Causality and Hierarchy

By Jan Dolezal

I was thinking whether there are some frameworks for ranking and organizing different initiatives, for example those on the menu of PlaNYC (here).  PlaNYC is not conveyed with costs (or benefits) and it’s only part of the overall approach of the City and State of New York so it’s hard to quantify the components, but here are some qualitative thoughts:

Hierarchy of Needs

One is a pyramid mirroring Maslow’s pyramid (http://en.wikipedia.org/wiki/Maslow’s_hierarchy_of_needs) with a similar pyramid for cities (e.g. you don’t care about energy efficiency if you don’t have energy. You don’t care about climate change if you don’t have housing…) On the bottom level, there are basic infrastructure needs (housing, transportation, water, energy). If this is not met, nobody will really care about what is higher. Above that initiatives that improve immediate quality of living, such as Air quality or Parks. Only when this is met, people might be thinking more about recreational Waterways and problems that are not troubling them directly such as Solid waste management. At the top of the pyramid is climate change that people will be more willing to address only when their lower needs are met.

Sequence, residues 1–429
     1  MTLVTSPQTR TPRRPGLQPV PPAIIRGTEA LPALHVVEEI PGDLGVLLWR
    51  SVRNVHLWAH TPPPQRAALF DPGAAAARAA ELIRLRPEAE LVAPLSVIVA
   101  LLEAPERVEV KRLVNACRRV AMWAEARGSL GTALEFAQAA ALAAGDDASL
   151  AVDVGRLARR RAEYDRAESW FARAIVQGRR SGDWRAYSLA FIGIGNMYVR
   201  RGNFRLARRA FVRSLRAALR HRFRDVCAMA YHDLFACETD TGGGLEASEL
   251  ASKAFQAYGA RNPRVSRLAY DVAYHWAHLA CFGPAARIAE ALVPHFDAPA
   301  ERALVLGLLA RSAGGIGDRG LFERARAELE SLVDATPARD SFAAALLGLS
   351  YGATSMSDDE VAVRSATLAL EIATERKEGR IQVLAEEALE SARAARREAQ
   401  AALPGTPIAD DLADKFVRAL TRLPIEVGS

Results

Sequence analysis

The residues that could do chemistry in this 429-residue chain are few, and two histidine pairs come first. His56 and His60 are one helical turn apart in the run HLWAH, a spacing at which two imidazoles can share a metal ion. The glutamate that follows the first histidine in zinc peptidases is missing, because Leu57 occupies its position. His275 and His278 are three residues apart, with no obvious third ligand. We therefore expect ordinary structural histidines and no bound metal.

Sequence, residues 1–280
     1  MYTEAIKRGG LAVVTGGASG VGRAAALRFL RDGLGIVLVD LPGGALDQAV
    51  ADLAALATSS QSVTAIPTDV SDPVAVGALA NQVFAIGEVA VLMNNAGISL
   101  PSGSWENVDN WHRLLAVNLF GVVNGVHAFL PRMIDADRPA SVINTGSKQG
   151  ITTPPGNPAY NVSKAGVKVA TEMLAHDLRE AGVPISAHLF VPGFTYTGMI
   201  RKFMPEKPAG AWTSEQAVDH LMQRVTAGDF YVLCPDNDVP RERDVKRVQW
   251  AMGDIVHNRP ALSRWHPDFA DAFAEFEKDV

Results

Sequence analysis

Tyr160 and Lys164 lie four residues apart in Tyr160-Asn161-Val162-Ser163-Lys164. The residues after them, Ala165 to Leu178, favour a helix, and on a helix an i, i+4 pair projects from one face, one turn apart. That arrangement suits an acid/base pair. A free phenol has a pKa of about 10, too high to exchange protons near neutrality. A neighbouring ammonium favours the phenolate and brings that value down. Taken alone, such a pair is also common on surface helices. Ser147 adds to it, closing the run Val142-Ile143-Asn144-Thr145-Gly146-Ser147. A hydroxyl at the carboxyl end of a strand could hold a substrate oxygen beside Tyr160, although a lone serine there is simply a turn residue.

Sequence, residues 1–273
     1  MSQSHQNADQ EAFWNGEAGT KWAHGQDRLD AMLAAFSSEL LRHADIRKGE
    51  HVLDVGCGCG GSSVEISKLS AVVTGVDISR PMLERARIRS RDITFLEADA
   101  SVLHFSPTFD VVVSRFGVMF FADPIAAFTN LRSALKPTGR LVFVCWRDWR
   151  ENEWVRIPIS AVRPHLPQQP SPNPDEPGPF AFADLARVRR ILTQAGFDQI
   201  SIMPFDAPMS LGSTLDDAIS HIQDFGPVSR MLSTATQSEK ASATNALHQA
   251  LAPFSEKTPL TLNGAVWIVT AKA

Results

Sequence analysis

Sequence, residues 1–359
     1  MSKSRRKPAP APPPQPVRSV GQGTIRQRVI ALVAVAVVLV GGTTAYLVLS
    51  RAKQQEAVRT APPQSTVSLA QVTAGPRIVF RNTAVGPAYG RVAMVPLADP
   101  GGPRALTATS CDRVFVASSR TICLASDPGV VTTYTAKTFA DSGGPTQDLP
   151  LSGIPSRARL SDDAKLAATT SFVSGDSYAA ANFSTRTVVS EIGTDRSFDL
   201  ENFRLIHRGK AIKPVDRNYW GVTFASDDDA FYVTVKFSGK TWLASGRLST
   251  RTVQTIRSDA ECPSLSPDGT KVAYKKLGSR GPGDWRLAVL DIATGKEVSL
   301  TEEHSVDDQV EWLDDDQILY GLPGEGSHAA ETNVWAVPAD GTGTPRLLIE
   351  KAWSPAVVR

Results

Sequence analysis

This pyramid also demonstrates why cities in developed countries care more about the higher levels than in developing countries where even the lower levels are not met.   We could place the PlaNYC (or KAEC or Tianjin or Dharavi) initiatives in such a pyramid.

Dolezal's Hierarchy

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